Do you toss and turn every night?
Has it become part of your nightly ritual?
Difficulty falling asleep or staying asleep isn’t just an annoyance…
Sleep deprivation can interfere with your job, school, social activities, and overall health.
We spend a third of our lives asleep because we need that time to repair and restore our cognitive function and physical energy, sustain our immune and nervous systems, and help manage our hormones and weight.
However, at least 40 million Americans endure chronic sleep disorders each year, and 20 million more experience occasional sleeping problems!
If you’re among the 60 million, here are some tips, techniques and recommended life style changes – so you can fall asleep as fast as possible.
1. Get On A Schedule.
Many people find that setting a sleep schedule helps them fall asleep faster and easier. Your body has its own regulatory system called the circadian rhythm. This internal clock cues your body to feel alert during the day, but sleepy at night.
Waking up and going to bed at the same time each day (including weekends) can help your internal clock keep a regular schedule.
Once your body adjusts to this schedule, it will be easier to fall asleep and wake up around the same time every day. It’s also important to get seven to nine hours of sleep each night. This has been shown to be the optimal sleep duration for adults.
Lastly, give yourself 30 minutes to an hour to wind down in the evening before going to bed. This allows your mind and body to relax and prepare for sleep.
2. Experience Both Daylight And Darkness.
Light can influence your body’s internal clock that regulates sleep and wakefulness.
Irregular light exposure can lead to disruption of circadian rhythms, making it harder to stay awake and fall asleep. During the day, exposing your body to bright light, tells it to stay alert. At night, darkness promotes feelings of sleepiness.
Research shows that darkness boosts the production of melatonin – an essential hormone for sleep. If possible, use blackout curtains to make your room dark at night.
3. Exercise During The Day.
Physical activity is often considered beneficial to healthy sleep.
Exercise can increase the duration and quality of sleep – by boosting the production of serotonin in the brain and decreasing levels of the stress hormone, cortisol.
But, it’s important not to overdo it – as excessive training has been linked to poor sleep. The time of the day when you exercise is also critical.
To promote better quality sleep, working out early in the morning appears to be better than working out later in the day.
4. Limit Caffeine, And Drink A Soothing Beverage.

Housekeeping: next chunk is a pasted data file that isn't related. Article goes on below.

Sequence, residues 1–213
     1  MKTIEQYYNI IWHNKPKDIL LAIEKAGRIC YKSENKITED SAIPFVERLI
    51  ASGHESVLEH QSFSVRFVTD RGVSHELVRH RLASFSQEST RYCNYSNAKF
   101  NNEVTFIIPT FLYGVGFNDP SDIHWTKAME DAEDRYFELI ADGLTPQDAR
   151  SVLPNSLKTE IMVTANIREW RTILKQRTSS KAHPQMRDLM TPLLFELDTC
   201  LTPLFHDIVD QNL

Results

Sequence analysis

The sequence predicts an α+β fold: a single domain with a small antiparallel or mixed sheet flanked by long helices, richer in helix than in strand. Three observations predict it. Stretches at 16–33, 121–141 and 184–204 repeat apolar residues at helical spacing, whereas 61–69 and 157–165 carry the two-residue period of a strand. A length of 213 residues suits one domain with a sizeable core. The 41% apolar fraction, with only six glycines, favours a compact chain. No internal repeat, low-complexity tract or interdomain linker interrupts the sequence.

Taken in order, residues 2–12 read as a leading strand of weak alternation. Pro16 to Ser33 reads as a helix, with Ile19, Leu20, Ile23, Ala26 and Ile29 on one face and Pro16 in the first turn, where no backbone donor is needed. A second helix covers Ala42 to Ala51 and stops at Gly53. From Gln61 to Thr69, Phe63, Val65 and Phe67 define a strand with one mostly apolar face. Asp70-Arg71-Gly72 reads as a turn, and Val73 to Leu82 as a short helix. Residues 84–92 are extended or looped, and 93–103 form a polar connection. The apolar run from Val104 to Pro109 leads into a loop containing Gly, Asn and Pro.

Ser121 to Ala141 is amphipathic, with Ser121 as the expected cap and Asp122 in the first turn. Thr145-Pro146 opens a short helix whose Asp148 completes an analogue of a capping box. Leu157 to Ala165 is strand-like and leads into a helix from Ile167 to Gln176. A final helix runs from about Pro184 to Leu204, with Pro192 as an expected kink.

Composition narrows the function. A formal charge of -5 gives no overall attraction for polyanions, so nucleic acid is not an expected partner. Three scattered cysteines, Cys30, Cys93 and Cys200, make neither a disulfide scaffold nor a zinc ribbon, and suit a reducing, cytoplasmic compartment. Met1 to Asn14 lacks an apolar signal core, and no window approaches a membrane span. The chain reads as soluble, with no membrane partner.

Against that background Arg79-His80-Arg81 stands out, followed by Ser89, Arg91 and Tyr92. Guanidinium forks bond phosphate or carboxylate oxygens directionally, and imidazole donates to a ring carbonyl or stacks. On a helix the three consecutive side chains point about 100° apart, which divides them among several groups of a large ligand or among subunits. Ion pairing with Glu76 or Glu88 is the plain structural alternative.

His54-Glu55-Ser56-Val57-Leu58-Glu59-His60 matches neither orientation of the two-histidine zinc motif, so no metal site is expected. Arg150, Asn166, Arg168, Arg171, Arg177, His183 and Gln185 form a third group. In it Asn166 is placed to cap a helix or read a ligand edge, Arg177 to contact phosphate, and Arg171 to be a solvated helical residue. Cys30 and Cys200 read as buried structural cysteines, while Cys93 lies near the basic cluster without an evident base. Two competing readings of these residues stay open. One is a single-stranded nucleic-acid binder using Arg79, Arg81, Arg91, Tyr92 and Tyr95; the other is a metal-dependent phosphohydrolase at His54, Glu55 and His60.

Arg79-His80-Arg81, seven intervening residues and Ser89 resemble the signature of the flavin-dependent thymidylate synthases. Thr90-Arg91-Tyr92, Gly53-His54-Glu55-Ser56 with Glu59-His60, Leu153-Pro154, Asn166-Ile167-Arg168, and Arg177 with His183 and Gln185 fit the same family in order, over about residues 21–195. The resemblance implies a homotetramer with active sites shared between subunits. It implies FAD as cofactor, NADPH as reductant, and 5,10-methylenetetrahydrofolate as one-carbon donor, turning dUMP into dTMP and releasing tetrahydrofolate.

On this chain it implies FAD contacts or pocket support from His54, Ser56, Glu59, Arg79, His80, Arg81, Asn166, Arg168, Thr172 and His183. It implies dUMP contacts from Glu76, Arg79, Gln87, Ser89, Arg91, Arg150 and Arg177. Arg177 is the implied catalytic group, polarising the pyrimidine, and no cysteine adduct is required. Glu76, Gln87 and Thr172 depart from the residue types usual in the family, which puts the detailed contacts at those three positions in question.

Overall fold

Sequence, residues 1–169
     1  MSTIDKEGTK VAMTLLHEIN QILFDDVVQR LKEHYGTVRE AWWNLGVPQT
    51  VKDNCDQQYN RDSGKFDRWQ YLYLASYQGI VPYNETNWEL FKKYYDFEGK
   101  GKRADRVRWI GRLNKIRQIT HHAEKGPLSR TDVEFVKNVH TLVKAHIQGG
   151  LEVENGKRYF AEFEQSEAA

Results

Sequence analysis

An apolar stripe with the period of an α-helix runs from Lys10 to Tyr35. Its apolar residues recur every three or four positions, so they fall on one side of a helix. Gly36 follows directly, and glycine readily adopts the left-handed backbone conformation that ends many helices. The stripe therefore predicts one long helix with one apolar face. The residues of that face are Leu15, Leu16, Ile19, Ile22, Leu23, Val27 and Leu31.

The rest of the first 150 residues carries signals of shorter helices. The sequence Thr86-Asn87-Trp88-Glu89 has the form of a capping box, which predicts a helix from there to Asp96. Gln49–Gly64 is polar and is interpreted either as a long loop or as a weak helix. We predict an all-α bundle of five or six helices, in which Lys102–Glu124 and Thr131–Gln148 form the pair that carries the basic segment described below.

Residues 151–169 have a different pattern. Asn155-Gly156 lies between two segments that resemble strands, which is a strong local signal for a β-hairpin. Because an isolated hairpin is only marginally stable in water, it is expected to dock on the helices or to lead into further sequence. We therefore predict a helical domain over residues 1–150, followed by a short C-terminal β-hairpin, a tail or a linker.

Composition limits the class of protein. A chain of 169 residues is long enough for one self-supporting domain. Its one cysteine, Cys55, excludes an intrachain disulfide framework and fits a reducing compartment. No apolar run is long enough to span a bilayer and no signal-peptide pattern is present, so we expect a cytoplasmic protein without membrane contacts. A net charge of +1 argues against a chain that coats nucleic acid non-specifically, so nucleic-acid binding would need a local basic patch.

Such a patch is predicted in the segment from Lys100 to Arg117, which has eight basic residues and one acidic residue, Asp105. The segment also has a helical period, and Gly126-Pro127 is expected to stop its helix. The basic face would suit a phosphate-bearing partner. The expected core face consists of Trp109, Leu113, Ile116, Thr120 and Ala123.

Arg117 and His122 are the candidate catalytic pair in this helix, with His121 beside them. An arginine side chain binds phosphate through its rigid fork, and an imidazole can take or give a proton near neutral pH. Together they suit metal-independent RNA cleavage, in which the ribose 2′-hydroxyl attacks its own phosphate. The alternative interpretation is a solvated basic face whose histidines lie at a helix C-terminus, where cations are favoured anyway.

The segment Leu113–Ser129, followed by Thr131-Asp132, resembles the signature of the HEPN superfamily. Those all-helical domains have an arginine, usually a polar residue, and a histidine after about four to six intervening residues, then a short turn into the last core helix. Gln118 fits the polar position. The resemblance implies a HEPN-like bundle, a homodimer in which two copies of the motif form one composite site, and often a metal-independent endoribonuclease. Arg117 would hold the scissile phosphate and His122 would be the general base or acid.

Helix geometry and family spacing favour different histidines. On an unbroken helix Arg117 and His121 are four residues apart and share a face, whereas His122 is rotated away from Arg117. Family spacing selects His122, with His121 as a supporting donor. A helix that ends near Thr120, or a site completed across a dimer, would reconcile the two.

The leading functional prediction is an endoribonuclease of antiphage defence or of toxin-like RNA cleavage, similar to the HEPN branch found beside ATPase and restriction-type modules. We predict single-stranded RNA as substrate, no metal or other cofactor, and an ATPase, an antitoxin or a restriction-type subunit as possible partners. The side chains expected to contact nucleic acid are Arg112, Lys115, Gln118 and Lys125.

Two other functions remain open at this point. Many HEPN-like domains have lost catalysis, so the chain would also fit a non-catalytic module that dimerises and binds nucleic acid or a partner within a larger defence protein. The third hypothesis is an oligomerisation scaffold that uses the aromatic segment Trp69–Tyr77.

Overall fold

Caffeine is widely used among people to fight fatigue and stimulate alertness, It can be found in foods and beverages like chocolate, coffee, sodas and energy drinks.
Unfortunately, caffeine can have disastrous effects on your sleep. And while the effects of caffeine vary from person to person, it is recommended that you refrain from consuming caffeine at least six hours before bedtime.
Instead, you could drink a soothing beverage like chamomile tea, to help you relax and sleep better.
5. Kick Your Alcohol Habit.
Alcohol is the worst, particularly for insomniacs. Decade’s worth of research shows the ill effects that drinking has on sleep.
Even light drinkers take longer to fall asleep – they sleep less well, and they sleep for less time than their sober neighbors.
Alcohol even increases the odds of sleep disorders, like sleep apnea.
6. Quit Smoking.
People who smoke cigarettes are four times as likely as nonsmokers to feel exhausted and unrested after a night’s sleep.
Researchers believe the stimulating effect of nicotine prevents smokers from staying in deep sleep because their bodies experience withdrawal symptoms each night.
Smoking is also tied to sleep-disordered breathing, such as snoring or sleep apnea.
7. Watch What And When You Eat.
It seems that the food you eat before bed may affect your sleep. For example, research has shown that high-carb meals can be detrimental to a good night’s rest.
Studies have concluded that even though a high-carb diet can get you to fall asleep faster, it will not be restful sleep. Instead, it’s better to eat high-fat meals that will promote a deeper and more restful sleep.
If you still want to eat a high-carb meal for dinner, you should eat it at least four hours before bed, so you have enough time to digest it.
8. Strategize Your Naps.
Sure, there are some major benefits to taking a 20-minute snooze, but napping isn’t for everyone…
In fact, napping at the “wrong” time of day can affect your sleep quality – making it difficult to fall asleep or sleep soundly through the night.
If you take a nap late in the evening, it can throw off your natural sleep patterns. But a quick nap on your commute to work in the morning (if you’re taking public transportation), or a midday power nap in your office can be beneficial to restoring alertness.
It’s also recommended to limit naps to 10 – 30 minutes for short-term alertness and improved performance.
Any longer, and you increase your chances of experiencing sleep inertia – which is characterized by short-term grogginess and disorientation.
9. Put Away Electronics.
Using electronic devices late at night is terrible for sleep.
Watching TV, playing video games, using your phone and social networking can make it significantly harder for you to fall asleep, and stay asleep.
It’s best to turn off the TV and put away electronic devices with bright screens before you go to bed. It will be much easier for you to relax and fall asleep.
10. Take A Hot Bath Or Shower.
Research has shown a hot bath or shower can prompt your body to go to sleep.
The warmth increases your internal body temperature, and when you get out, that temperature drops significantly.
It mimics your body’s natural temperature dip when falling asleep and signals that it’s time for bed. Having a relaxing bedtime ritual, like taking a hot bath, can help ease you into sleep.
11. Lower The Room Temperature.
To fall asleep and stay asleep, you need to achieve thermoneutrality.